This year's Dementia Awareness Week centres around the theme of doing something new for people with dementia, under the mantra that ‘Life doesn’t have to end when dementia begins’. For many people living with dementia in care homes, however, a lack of opportunities to have meaningful occupation and activity, or even just enjoy the simple pleasures that many of us take for granted, can lead to life feeling like it really has ended.
Over this Dementia Awareness Week (DAW2015) I want to look at some of the positive things relatives and staff can do to enhance the lived experience of people with dementia in care homes. They may be new things, or they may be old favourites, but they all share in the ability to turn a boring day into something a little bit more special.
Day 3: Technology
The idea of using technology is a controversial one in dementia care. Some care homes embrace iPads, iPods, daily living aids, Skype, monitoring equipment and even GPS, but many more either ignore it completely, or make expensive purchases that are never fully utilised. If you’re in the latter two categories, now may be the time for you to consider doing something new with technology.
Many care providers associate technology with the classic health and safety options of sensors and alerting systems. I’m not saying that sensors that detect motion or devices that alert staff when a person has fallen aren’t great, of course they are and they should be used appropriately for every person who would benefit from them, but for life in a care home to have the richness we all take for granted when we close our own front doors, it’s vital for care providers and families to think about ways to promote independence, creativity, connectedness and fun.
I would never advocate using technology to replace one-to-one human interaction, but there are elements of technology that can greatly enhance the lived experience of people with dementia in care homes. Having a clock designed to help people with dementia find out the day and time can help with orientation and maintaining independence, personal music players like iPods can be a fantastic therapy for alleviating upsetting symptoms, and devices like talking electronic photo albums can provide reassuring visual and audible reminders of relatives when they are absent.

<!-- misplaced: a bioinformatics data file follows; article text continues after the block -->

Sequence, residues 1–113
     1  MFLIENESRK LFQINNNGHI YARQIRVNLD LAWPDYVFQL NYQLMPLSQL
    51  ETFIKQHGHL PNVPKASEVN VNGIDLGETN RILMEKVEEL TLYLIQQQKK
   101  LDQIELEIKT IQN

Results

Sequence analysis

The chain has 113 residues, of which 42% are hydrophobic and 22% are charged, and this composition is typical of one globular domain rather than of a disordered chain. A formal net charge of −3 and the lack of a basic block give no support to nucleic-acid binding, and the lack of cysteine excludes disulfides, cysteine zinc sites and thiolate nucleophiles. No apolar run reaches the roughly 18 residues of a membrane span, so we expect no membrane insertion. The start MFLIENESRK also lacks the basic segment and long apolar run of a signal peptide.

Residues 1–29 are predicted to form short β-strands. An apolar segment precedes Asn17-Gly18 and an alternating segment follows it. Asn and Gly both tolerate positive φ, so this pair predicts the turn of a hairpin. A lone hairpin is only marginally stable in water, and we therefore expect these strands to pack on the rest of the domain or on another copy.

There is also an increasingly strong argument for having Wi-Fi in care homes (providing you also offer access to devices that can use that Wi-Fi!). Once you have an internet connection and a device a world of possibilities opens up, not least with helping residents to maintain connections with relatives far away, and helping staff to get to know those relatives and involve them in the care and support being provided by the care home. Skype is a perfect example of this in action, and some care homes also maintain Facebook pages to share photos and news, all of which has the potential to help bridge intergenerational divides between older people in care homes and the younger members of their families.
As ever though, be mindful that using screens to interact (particularly via Skype or electronic photo albums) isn’t suitable for everyone – some people may find them as upsetting as others find them reassuring. Being person-centred with the support you are providing is vital.
More information, tips and advice on technology can be found in the following D4Dementia blog post:
Getting technical: http://d4dementia.blogspot.co.uk/2013/03/getting-technical.html
Next post on 20 May 2015.
Next post on 20 May 2015.
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